Let’s use it! Add this script to your package.json file:

Then we need to tell Now to use the Static Build builder. That is configured using the now.json file. Update the file so it looks like this:

Notice that we have to provide the name of the builder (in this case @now/static-build) and a path to our package.json file.

This is it! The final moments of our journey! Prepare yourself! Run this command and sit tight:

Here Comes the Failure

As I was writing this article, I was expecting that this would give me a working deployment with my Angular application working as expected. Instead, I was met with a failure and a log.

Ups… And I wanted to write an interesting article. Well, I decided to publish it anyway. At least you know how it is supposed to work. When I have more information about the issue, I’ll update this post or add a link to a new one. Wish me luck!

You can help me, discuss, or just vote for this issue on Github:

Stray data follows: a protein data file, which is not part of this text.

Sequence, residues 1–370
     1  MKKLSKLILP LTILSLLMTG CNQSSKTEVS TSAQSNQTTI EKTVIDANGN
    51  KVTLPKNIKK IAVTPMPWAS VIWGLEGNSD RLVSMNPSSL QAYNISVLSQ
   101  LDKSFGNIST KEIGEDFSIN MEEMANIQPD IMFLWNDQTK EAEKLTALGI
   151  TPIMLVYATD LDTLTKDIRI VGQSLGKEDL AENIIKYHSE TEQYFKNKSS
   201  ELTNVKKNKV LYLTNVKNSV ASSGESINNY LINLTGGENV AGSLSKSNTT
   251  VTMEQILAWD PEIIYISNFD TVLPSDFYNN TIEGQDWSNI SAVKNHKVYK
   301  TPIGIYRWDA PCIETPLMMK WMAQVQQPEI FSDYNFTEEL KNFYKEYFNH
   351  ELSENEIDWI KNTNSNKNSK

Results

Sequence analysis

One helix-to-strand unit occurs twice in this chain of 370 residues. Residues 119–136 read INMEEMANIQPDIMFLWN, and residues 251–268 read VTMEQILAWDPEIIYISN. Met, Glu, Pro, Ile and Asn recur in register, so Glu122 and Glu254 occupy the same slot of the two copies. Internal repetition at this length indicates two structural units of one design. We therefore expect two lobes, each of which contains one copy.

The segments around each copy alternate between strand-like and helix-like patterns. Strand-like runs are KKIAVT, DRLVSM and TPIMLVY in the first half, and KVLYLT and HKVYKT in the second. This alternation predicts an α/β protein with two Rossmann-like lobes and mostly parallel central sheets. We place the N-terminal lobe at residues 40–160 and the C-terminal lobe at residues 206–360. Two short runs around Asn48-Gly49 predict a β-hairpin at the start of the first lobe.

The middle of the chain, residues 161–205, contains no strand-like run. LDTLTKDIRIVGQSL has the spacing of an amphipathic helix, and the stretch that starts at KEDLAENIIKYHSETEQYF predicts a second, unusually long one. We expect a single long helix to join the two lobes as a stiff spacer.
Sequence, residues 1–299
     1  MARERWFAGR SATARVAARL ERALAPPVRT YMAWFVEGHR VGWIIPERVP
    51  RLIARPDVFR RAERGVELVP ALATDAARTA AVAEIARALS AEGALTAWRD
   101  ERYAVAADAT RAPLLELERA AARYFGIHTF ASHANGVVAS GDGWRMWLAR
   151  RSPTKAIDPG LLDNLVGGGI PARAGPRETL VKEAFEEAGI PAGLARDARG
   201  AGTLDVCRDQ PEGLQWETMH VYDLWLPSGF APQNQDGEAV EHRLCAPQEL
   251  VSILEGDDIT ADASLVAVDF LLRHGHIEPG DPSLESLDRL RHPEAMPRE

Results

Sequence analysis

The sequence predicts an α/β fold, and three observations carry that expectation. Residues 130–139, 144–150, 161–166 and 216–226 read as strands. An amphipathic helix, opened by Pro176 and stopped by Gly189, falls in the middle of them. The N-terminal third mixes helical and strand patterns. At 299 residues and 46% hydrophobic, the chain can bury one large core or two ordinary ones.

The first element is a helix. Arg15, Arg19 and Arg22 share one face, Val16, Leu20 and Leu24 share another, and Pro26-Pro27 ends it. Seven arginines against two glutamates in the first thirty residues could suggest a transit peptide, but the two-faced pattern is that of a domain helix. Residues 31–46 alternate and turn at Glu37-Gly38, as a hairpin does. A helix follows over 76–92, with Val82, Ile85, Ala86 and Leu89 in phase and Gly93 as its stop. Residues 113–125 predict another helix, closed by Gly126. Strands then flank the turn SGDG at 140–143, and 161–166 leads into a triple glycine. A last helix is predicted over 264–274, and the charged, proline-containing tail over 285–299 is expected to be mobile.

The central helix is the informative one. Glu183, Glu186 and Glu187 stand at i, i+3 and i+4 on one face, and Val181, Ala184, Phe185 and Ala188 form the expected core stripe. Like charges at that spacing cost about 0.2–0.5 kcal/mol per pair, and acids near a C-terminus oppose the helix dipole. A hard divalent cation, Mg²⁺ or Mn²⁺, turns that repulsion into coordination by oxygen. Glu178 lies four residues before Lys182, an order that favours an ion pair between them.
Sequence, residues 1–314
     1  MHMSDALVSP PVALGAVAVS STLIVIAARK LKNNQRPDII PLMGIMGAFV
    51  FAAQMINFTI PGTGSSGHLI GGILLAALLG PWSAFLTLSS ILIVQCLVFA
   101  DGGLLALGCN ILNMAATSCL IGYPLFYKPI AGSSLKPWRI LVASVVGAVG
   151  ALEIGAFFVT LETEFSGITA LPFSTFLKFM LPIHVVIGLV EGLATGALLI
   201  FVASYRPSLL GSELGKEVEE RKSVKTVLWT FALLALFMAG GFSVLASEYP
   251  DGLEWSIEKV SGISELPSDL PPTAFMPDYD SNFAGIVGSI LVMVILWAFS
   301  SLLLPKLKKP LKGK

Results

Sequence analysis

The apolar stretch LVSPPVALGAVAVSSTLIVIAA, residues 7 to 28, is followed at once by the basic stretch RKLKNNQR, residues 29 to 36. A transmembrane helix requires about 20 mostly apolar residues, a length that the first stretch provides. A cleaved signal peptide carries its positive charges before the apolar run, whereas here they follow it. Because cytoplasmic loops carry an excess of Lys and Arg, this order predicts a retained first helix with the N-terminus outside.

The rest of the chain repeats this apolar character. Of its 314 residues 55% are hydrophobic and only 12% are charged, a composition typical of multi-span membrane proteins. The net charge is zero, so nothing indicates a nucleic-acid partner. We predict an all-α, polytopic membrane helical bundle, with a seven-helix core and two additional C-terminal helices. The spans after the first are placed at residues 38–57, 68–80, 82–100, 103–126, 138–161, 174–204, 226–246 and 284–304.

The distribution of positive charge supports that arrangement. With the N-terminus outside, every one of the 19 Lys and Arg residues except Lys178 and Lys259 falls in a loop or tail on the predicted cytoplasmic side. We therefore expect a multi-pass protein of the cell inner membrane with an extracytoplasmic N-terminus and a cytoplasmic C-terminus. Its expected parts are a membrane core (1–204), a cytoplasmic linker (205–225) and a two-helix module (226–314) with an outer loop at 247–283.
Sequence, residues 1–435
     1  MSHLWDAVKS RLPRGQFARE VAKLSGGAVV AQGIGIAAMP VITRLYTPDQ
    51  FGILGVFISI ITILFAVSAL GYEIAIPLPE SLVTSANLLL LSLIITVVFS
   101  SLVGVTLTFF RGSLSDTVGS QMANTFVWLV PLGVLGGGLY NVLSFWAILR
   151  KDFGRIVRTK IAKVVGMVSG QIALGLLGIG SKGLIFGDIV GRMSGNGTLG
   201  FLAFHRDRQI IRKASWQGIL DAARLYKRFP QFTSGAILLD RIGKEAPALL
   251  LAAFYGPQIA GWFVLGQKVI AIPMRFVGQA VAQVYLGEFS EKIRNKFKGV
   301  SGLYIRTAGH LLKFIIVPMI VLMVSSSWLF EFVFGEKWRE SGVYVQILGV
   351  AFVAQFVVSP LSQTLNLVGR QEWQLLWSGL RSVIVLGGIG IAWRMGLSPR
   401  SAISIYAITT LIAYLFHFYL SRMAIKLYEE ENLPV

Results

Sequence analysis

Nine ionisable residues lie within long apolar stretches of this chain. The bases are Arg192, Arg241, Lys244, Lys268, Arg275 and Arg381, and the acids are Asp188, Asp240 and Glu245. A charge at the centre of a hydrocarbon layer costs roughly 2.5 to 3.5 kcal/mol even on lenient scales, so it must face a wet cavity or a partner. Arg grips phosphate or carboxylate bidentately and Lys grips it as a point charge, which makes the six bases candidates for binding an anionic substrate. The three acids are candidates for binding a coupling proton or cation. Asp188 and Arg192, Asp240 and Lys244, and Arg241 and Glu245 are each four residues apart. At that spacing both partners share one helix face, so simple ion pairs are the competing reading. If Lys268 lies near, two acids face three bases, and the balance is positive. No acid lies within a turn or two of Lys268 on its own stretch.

Anyway, after a few days, the original issue contains a solution to our problem. This is the new now.json configuration file:

The problem was with Yarn cache, it took too much space during the deployment. This configuration makes it so that Yarn stores its cache in the memory instead of the disk. See the discussion in the linked Github issue.

This produces the desired outcome — the deployment what I got is now-angular-app-j3r1fklxe.now.sh and it looks like our desired Angular application:

However, there’s one last problem. The about page does not currently work because Now does not know that we have a single-page application.